Tagged / ecology

Academic Targeted Research Scheme (Sustainability, Impact and Consumption): Predator ecology and conservation

As part of the Academic Targeted Research Scheme, I started my new role as Senior Lecturer in Sustainability, Impact and Consumption on the 1st of July this year.

 

My research will focus on predator ecology and conservation and the project funded by the scheme is specifically centred on the porbeagle shark (Lamna nasus). The UK has several species of shark that call our waters home for at least part of the year and many are in dire need of conservation management. Highly mobile, migratory top predators like the porbeagle are important to understand and manage as they play vital roles in nutrient cycling, ecosystem linkage and maintaining food web stability as well as just being incredible species in their own right. Such species are also pretty difficult to study, especially in the marine environment!

Porbeagles are included on IUCN Red List of Threatened Species as critically endangered in Europe and the Northeast Atlantic, largely due to overfishing in commercial fisheries. They are closely related to great white sharks (Carcharodon carcharias) and share their more mammalian-like features of being warm-bodied and giving birth to live young, though they ‘only’ grow up to roughly 3.5 meters as opposed to the 6-meter white shark. Dorset is emerging as a hotspot for these elusive animals, which migrate to our shores in the summer months. They are proving to be a popular target in the catch and release recreational fishery, which provides a valuable opportunity to learn more about them.

Under Home Office licence, I’ll be joining recreational fishing trips and collecting small muscle biopsies from porbeagles and other sharks for stable isotope and fatty acid analyses. These analyses will provide insights into the relatively long and short-term diet and habitat use of the sharks, telling us more about their trophic ecology and movement patterns and providing information on how to best manage and protect them.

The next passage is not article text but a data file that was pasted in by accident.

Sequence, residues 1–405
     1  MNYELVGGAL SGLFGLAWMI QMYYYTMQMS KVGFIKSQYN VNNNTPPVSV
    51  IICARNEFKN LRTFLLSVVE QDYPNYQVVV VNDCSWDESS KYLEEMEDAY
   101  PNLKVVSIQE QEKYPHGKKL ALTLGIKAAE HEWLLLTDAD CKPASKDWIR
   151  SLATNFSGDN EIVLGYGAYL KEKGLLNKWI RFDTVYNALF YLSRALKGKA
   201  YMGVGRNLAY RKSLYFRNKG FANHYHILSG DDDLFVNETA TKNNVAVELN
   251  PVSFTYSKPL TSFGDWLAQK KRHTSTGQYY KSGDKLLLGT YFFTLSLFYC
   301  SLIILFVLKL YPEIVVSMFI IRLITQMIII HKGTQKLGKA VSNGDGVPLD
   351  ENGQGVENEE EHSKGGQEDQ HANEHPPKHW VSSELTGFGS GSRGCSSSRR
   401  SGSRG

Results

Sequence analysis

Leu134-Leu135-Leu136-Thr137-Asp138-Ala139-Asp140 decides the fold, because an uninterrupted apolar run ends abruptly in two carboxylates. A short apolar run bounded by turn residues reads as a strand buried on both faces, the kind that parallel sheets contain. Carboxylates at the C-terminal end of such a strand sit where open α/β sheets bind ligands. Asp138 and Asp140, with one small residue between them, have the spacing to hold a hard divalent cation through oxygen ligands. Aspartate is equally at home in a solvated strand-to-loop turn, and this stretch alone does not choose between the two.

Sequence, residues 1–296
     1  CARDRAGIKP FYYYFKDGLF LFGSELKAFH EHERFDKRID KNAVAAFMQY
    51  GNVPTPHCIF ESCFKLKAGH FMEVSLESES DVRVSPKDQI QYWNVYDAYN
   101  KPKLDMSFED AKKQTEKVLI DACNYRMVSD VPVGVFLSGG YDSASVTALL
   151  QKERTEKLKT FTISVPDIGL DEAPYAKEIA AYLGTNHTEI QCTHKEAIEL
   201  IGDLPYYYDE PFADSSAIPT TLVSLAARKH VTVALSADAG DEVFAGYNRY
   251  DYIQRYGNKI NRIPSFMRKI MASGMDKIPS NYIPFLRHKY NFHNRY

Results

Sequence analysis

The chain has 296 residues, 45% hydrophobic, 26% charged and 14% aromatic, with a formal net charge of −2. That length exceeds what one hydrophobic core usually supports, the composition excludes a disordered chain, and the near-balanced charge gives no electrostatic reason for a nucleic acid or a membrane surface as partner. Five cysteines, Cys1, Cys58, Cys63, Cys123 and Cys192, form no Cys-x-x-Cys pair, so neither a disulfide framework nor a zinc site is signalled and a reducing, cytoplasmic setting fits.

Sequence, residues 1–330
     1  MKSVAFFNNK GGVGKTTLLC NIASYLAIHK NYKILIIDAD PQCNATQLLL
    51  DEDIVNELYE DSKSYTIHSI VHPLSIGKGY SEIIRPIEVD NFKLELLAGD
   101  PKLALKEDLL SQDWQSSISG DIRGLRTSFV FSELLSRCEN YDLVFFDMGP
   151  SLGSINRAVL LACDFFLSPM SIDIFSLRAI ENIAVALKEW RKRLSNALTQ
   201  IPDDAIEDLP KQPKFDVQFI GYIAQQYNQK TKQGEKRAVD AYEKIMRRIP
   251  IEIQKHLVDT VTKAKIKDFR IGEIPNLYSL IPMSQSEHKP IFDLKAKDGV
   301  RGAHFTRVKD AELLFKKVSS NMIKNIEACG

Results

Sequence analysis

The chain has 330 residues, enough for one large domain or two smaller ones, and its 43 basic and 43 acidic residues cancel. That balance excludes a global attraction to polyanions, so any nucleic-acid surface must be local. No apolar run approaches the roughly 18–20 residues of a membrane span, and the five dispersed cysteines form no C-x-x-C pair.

In addition to joining the angling trips, in collaboration with colleagues from the University of York, I’ll be conducting a survey of recreational shark anglers to gain insight into their perceptions of and attitudes towards UK shark populations and their conservation. In partnership with other external experts, I will also be running best-practice shark handling workshops with the aim of building capacity in the angling community and improving the sustainability of the fishery by maximising the health of released fish.

I am aiming to develop a suite of complementary projects alongside my work on the UK shark recreational fishery and am delighted to have already won some funding for a project on kestrel (Falco tinnunculus) trophic ecology, using stable isotope analysis of feathers to update our understanding of their contemporary diet. Furthermore, I am developing projects on small mustelids and big cats and am very excited to work on such a diverse group of species, conducting high quality research that will result in tangible conservation benefits for biodiversity and society. I am very open to interdisciplinary collaboration and would welcome anyone with ideas to get in touch!

BU Briefing – Trophic positioning of meiofauna revealed by stable isotopes & food web analyses

Our BU briefing papers are designed to make our research outputs accessible and easily digestible so that our research findings can quickly be applied – whether to society, culture, public policy, services, the environment or to improve quality of life. They have been created to highlight research findings and their potential impact within their field. 


This paper examines seasonal food webs of the invertebrates inhabiting the streambed of the chalk River Lambourn in England. Researchers conducted analyses of gut content (a dietary “snapshot”) of macro and meiofauna, as well as stable isotope analyses (determines the feeding links of an organism as it reflects its assimilated diet) of meiofauna to examine seasonal food webs of the chalk stream.

This study stresses the importance of temporal variations in food and consumer species composition for a comprehensive understanding of food web structure, asserted by similar changes in trophic structure depicted by gut content and stable isotope analyses.

Click here to read the briefing paper.


For more information about the research, contact Professor Genoveva Esteban at gesteban@bournemouth.ac.uk 
To find out how your research output could be turned into a BU Briefing, contact research@bournemouth.ac.uk.